Editor’s note: This is one of several patient stories to appear during the next several weeks that details how UAB’s structural heart program team repaired a serious heart issue with minimally invasive techniques instead of traditional open-heart surgery.
Pike Road resident Donald Rabren is an open-heart surgery veteran, not a title any person covets. But the 78-year-old Alabamian has had two of them after two heart attacks.
“I’ve had my chest opened twice, and let me tell you, 20 years ago when it happened the first time, there was a lot of emotion involved,” Rabren said. “When you have a heart attack, it gets into your head.”
Rabren learned earlier this year that he needed another open-heart procedure to once again repair his aortic valve. The valve, one of the four main valves of the heart, had once again hardened and made it difficult for Rabren to engage in even light physical activity; walking across a room was a chore and frustrated him greatly.
Rabren, however, was otherwise healthy, and James Davies, M.D., chief of the UAB Section of Adult Cardiac Surgery, believed an open-heart surgery was the best course of action. But when surgeons opened Rabren up and cleaned out the scar tissue, Davies discovered that the calcification of the aorta was so extreme that continuing with the planned procedure would have been too risky for the patient.
“Instead of what we thought would be a fairly routine procedure, we would have had to put Mr. Rabren in deep hypothermic circulatory arrest — a surgical technique that involves cooling the body of the patient and stopping blood circulation,” Davies said. The procedure requires keeping the patient in a state of hibernation at 12-18 degrees Celsius with no breathing, heartbeat or brain activity for up to one hour. Draining blood from the body is necessary to eliminate blood pressure. Rabren’s whole calcified aorta would then have to be replaced while he remained in this state.
“I really just didn’t think Mr. Rabren would do well with that,” Davies said. “So we closed him up and elected to come back three days later and do a TAVR procedure.”
TAVR procedures, or transcatheter aortic valve replacements, have been performed by Davies and other UAB Structural Heart physicians more than 300 times since the team completed its first case in July 2012.
TAVR is a method of replacing malfunctioning heart valves without large incisions and without use of a heart-lung machine, or cardiopulmonary bypass. The result is a shorter recovery time than a standard open-heart procedure.
Rabren came to UAB Hospital for what he thought was going to be his open-heart surgery on Feb. 26. Rabren fully expected to awake and learn the surgery had been a success. He heard a different story, however, when he woke up and Davies explained to him what happened when his team got through the scar tissue and saw his badly calcified aorta.
|The technology available at UAB for surgeons to perform a TAVR procedure is among the most advanced in the Southeast. In a hybrid operating room with both surgical and X-ray capabilities, a multidisciplinary team places a guidewire through the malfunctioning valve, either from the groin or through a small incision between the ribs in the chest. The new valve is compressed on a flexible catheter and with imaging guidance is positioned inside the malfunctioning valve, then expanded to replace the malfunctioning valve.|
“Let me tell you something,” Rabren said, “I can’t begin to tell you how much I appreciated what Dr. Davies did that day. I remember him telling me, ‘I could have attempted to do it, but you were so calcified that I felt like if I cut anything around your aorta, you’d have an instant stroke.’ He followed the Hippocratic Oath — take care that they suffer no hurt or damage. Dr. Davies assured me he was going to figure out what needed to be done and go back in and fix it. Three days later he did, and I can’t tell you enough about what a difference this has made in my life. I feel great.”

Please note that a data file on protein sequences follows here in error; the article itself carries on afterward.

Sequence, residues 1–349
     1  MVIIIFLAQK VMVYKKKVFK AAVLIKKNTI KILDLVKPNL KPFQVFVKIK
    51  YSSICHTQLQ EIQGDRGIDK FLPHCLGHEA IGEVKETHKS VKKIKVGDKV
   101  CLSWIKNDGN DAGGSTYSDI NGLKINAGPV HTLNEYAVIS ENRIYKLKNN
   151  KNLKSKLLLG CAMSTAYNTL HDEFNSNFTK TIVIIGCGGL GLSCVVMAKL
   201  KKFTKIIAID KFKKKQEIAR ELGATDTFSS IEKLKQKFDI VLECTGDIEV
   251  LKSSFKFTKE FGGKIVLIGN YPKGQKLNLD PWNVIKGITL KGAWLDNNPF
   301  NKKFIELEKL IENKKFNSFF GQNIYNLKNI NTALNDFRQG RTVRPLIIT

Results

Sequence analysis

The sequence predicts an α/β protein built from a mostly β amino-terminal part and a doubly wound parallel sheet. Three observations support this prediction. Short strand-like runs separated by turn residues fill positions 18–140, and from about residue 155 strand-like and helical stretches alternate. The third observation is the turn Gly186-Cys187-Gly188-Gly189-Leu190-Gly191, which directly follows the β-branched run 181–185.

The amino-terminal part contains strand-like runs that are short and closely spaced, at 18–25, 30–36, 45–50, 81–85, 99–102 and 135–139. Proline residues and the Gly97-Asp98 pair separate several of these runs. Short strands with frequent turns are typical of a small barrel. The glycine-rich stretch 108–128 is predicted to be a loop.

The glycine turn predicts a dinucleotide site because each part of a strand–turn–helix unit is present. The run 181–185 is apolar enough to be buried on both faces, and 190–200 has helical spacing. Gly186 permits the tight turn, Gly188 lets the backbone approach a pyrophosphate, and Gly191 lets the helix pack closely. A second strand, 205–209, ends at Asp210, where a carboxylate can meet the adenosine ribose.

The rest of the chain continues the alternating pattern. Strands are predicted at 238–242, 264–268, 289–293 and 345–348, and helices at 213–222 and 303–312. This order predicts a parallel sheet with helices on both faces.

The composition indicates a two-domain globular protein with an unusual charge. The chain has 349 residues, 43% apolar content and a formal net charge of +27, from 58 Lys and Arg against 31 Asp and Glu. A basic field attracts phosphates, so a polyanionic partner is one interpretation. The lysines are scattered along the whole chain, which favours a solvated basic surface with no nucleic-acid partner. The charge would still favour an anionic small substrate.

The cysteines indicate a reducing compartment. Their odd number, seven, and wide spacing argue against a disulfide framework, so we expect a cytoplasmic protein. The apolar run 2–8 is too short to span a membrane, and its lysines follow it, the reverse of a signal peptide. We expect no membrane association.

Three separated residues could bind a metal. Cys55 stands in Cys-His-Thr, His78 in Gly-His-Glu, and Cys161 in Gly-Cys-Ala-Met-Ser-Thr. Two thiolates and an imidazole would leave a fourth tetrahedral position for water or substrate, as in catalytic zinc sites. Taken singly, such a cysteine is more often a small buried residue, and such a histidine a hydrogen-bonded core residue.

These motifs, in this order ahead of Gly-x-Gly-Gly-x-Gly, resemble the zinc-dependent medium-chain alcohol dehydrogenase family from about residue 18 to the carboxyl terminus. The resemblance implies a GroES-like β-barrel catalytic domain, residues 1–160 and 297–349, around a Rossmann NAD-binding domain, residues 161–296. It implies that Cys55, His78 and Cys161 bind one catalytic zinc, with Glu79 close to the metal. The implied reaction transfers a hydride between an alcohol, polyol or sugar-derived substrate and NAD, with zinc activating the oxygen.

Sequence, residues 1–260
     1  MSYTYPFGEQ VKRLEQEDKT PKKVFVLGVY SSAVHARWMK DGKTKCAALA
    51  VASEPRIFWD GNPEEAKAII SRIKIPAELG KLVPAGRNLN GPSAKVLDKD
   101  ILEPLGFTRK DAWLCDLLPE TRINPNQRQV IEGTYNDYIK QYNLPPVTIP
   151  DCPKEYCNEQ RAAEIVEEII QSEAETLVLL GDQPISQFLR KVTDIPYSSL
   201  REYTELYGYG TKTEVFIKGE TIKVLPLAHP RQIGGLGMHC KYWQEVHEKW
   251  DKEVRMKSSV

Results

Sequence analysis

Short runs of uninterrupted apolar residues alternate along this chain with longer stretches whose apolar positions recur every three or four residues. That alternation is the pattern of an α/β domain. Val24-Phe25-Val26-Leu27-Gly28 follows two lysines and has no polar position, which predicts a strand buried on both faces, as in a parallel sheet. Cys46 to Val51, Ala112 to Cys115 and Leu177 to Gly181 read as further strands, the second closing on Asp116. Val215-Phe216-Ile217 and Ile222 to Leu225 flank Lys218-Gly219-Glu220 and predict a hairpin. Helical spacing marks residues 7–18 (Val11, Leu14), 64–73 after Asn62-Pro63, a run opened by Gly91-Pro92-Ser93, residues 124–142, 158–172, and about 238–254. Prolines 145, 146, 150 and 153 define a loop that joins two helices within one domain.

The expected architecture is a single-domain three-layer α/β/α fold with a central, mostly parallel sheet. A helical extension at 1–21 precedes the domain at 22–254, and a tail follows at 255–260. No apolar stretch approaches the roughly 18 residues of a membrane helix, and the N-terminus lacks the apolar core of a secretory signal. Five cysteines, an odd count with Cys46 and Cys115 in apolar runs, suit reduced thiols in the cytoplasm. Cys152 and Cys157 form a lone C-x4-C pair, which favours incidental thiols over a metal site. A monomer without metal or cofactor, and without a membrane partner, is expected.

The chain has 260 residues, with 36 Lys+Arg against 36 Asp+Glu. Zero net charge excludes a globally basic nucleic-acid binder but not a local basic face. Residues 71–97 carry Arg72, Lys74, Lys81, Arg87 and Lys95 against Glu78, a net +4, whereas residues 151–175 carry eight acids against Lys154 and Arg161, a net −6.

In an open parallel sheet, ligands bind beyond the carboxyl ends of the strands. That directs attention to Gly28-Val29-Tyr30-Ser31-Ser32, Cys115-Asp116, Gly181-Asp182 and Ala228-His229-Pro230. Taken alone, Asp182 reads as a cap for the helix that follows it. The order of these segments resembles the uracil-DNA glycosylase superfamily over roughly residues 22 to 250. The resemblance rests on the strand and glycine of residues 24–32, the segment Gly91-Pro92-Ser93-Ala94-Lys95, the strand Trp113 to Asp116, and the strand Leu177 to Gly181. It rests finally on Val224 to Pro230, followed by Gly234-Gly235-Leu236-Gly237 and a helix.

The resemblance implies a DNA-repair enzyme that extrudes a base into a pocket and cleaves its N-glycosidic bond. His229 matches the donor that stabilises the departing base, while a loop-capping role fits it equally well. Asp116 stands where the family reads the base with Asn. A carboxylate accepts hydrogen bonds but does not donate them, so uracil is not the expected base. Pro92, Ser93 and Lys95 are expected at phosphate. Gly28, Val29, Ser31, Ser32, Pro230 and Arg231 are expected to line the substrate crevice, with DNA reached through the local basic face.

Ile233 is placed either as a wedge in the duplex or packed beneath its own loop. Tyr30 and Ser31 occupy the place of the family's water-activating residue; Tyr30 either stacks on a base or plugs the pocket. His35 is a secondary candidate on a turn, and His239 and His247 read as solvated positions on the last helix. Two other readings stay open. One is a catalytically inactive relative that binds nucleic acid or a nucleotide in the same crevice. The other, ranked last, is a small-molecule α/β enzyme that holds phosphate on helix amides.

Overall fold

The technology available at UAB for surgeons to perform a TAVR procedure is among the most advanced in the Southeast. In a hybrid operating room with both surgical and X-ray capabilities, a multidisciplinary team places a guidewire through the malfunctioning valve, either from the groin or through a small incision between the ribs in the chest. The new valve is compressed on a flexible catheter and with imaging guidance is positioned inside the malfunctioning valve, then expanded to replace the malfunctioning valve.
“We perform more valve procedures than anyone in the state, and have since the inception of our program,” Davies said. “Prognoses for patients like Mr. Rabren were very poor just a few short years ago, but our ability to do these procedures is helping to add years to their lives — and quality life to their years. Patients who have this procedure experience a much higher quality of life.”
Indeed, Rabren talks about how disappointed he was that his condition got so poor prior to the surgery that he had to give up driving cars for a friend at his auto auction, a job he had done three or four days a week for more than three years.
“I really enjoyed it because I’m working with old guys like myself,” he said. “I got to the point where I could hardly walk around to do the job.”
Rabren received good news at his six-week post-surgery follow-up visit. He was doing so well that Davies told him he was good to start working again if he felt like it. For Rabren, it was exactly what he was hoping to hear.
“I kid you not, on my way back home from my checkup in Birmingham, my phone rang and it was my friend that owns the auto auction,” Rabren recalled. “He said, ‘Don, what did the doctor say?’ I said, ‘He turned me loose.’ He said, ‘Can you be at work at 8 in the morning?’ I said, ‘I’ll be there.’ It was the best phone call I ever got, and I’ve been going ever since.”